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Why is medical debt such a huge and seemingly intractable problem?

Premiums. Copays. Deductibles. Out-of-pocket maximums.

Is it any wonder that, with all the costs relating to medical care in the United States these days, some people just opt out -- even when they have a dire need to see a doctor?

It certainly doesn't escape the attention of many people currently that having health insurance coverage is far from being a panacea against ruinous amounts of care-related debt.

In fact, a recent media overview of medical debt reports that about 70 percent of all persons across the country facing financial challenges in paying off medical bills are insured.

As immediately disturbing as that is, it also underscores in a big way the lack of any protective cushion at all for uninsured individuals and families in Florida and other states.

A number of studies in recent years have pointed to central flaws in the pricing and delivery of health care services across the United States that make receiving care prohibitively expensive for millions of Americans.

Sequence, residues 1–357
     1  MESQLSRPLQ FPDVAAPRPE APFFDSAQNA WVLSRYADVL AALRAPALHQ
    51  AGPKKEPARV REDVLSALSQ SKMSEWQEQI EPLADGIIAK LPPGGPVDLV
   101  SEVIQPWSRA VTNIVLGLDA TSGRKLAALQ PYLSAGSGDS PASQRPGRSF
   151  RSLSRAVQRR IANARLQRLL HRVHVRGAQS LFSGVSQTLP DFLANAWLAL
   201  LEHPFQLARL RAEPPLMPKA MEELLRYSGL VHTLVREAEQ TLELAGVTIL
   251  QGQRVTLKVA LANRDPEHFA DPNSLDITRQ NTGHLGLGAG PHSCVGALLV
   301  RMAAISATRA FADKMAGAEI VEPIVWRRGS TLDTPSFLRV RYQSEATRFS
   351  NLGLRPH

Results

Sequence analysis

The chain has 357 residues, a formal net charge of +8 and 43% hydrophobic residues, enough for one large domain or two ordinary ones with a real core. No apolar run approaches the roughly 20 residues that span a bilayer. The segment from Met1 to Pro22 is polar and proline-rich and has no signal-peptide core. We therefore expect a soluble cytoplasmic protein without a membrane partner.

When that pricey care is coupled by hard times facing families, the effect can be financially disastrous. The above-cited overview notes a Federal Reserve finding that fewer than half of Americans have sufficient cash on hand to cover medical emergency costs of $400.00.

Put another way: Footing that bill would require more than 50 percent of Americans to either sell an asset or borrow money (often, sadly, from a credit card) to pay off a medical facility.

It hardly seems an overstatement to say that the American health care system is at a crossroads, especially given that many people incur a troublesome level of debt simply in order to see a doctor when necessary.

High medical debt spurs many collection efforts and is a major cause of bankruptcy filings across the United States.

Any person having questions or concerns regarding medical debt or other debt problems can receive candid and confidential advice from a proven debt-relief attorney.

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